You better know how to mosh…
I’ve recently photographed DevilDriver on their Bound By The Road tour with special guests: Death Angel, Winds of Plague, The Agonist and Azreal. I had NO idea that The Ritz in San Jose had no photographer pit. As soon as I realized what I was in for, I only had a short amount of time to prepare. In the end I had a ton of fun, but I did shed some blood (and possible internal bruising hahaha!). Here’s some last minute prep tips for shooting a crazy metal show with NO photographer pit.
1. PAIN KILLERS!!!
They will be your BESTEST FRIEND! Seriously, take some pills BEFORE as well as after the show. You don’t want to feel achy (or any other sort of pain) in the middle of a set. I’ve damn near quit shooting a show before because I thought I could manage without them and got ROCKED. So, for your own momentum, take some pain killers before you start shooting.
2. Rearrange Your Bag
Do not use your side pockets. DO NOT USE… your side pockets. Put everything (that’s important to you) in the main part of your camera bag. Your things can and most likely will fall out while you’re trying to shoot, digging for things, or running through the pit to get to the other side of the stage. You won’t be able to get to them very easily (and will probably lose “the shot” while digging). I suggest you have a multi-pocket vest on or in the car for such an occasion. If you don’t have one, improvise. I’ve used my bra as a memory card holder multiple times.
3. Run Straight Through The Pit
Running through the pit is a must. Getting photos from only ONE side of the stage is boring. It might look intimidating, but do it. If you’re too timid to do it while the band is thrashing, wait for them to finish a song and go to your next spot. If you’re crazy like me, hold your camera close to your body, wait for a clearing, and run. Protect your ribcage from the pit, but protect your camera first. Don’t try to hit anyone in the pit while running, you WILL get hit back (unless you feel like moshing for a bit).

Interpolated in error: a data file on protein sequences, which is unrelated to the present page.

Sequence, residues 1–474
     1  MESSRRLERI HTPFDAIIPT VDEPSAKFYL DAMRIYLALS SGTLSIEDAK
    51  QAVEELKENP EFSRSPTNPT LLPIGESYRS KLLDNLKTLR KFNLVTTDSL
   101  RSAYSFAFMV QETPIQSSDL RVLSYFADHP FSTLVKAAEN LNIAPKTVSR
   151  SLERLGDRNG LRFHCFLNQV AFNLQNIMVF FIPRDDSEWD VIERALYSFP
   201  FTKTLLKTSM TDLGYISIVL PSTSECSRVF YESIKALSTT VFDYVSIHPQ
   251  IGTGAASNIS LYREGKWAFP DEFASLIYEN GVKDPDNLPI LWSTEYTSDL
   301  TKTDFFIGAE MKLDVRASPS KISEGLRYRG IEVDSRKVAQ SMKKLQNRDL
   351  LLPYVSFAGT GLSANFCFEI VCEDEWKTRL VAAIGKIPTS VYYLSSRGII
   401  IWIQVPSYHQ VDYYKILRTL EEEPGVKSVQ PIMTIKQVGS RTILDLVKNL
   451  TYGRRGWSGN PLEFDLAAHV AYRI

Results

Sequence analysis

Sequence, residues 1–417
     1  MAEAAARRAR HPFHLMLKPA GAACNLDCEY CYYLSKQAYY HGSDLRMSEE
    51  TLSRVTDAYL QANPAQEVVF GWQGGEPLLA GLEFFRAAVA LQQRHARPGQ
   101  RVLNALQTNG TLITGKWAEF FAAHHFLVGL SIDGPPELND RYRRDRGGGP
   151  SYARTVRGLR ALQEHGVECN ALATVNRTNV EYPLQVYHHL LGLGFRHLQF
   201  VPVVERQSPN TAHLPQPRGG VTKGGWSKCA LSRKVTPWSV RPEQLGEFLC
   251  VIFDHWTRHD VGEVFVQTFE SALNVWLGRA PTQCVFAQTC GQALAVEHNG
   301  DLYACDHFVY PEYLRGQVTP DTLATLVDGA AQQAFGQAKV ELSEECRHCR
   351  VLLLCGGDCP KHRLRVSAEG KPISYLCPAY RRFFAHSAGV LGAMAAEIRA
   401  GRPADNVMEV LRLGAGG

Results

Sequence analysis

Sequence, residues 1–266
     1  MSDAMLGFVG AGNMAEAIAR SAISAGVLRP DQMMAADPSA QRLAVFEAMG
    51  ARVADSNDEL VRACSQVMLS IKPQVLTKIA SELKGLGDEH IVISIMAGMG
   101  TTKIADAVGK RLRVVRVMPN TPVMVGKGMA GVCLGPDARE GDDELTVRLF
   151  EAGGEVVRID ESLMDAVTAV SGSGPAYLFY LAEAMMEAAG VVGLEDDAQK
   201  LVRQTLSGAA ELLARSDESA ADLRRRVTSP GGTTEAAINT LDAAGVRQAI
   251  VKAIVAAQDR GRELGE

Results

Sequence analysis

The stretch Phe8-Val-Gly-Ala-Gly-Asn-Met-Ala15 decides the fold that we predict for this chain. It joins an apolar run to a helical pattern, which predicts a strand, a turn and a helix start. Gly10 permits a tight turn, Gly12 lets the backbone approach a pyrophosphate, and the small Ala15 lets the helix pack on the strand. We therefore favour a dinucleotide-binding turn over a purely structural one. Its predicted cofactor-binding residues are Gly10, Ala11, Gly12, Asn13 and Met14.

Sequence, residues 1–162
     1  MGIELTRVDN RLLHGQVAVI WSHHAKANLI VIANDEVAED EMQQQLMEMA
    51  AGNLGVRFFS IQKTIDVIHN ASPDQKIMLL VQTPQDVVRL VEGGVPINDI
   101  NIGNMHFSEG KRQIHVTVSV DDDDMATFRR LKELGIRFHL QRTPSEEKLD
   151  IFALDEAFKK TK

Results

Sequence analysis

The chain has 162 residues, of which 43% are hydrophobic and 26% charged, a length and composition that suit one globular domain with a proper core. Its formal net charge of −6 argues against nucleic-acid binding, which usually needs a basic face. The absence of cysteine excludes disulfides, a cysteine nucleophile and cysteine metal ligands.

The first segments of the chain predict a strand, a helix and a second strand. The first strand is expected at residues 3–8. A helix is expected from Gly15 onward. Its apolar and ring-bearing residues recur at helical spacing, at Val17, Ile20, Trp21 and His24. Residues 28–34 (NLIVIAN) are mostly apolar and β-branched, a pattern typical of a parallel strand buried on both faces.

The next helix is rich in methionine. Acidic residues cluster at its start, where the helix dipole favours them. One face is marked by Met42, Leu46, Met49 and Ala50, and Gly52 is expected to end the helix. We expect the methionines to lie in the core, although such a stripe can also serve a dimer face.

4. Get Front Row
If you’re not already there waiting for the band, it WILL be difficult but you can do it. The best way is to be kind to everyone around you and politely ask if you can “get in right here to shoot”. Nine times out of ten, they’ll smile and let you through. However every show has that crazy drunk who’s having a “one-man mosh pit”. If you encounter this person you have two options: move to another spot, or box them out (I tend to thrash back if they get in the way of my shot). The people around you may help you out by being a shield, calming their friend down, or in my case SNATCHING them up. (By the way, thanks to the strongman in red who helped me out! I don’t know HOW you did it, but thank you hahaha!).
5. Be Aware Of Your Camera Settings
While getting bumped around in the crowd, your camera may have switched from 5F to 16F. Make sure that your camera is on the proper setting that you want it to be. You’ll start to notice when your pictures start coming out darker in the view finder. Recalibrate your camera and shoot.
It’s going to get REALLY hot in there, especially if you’re in the thickest part of the crowd. Hydrate yourself before the third band comes on- don’t wait. Either you won’t be able to get to the bar, or you won’t get your spot back.
7. Use A Mouthguard
My lip was busted from getting pushed into my camera at that last show. I didn’t have a mouthguard… I WISH I did. At first, I thought I chipped a tooth and just left it (it had already occurred and I couldn’t go back in time and get my tooth back, but I COULD get the shot). Luckily, it was just my lip that got thrashed. However, I feel I was pretty close to chipping a tooth. I suggest using a mouthguard while shooting so you don’t come out looking like a hockey player.
8. Post-Show Care
After the show is over and you’re covered in everyone’s sweat but yours… you’re going to need some aftercare. Have a spare shirt in the car, and take more pain killers (before you drive so it kicks in by the time you get home). When you get home, draw a hot bath and soak. You may have internal bruising; you may be bleeding from somewhere. Soaking will help ease your muscles and aches (the ones to come). After that, put on some comfy clothes and start editing. You may be half-dead, but you still have a job to do.
So there you have it! Hopefully this will enhance your photography experience and boost your metal show game. If you have any questions about this article don’t hesitate to contact me! Don’t forget to check out my pictures from the show!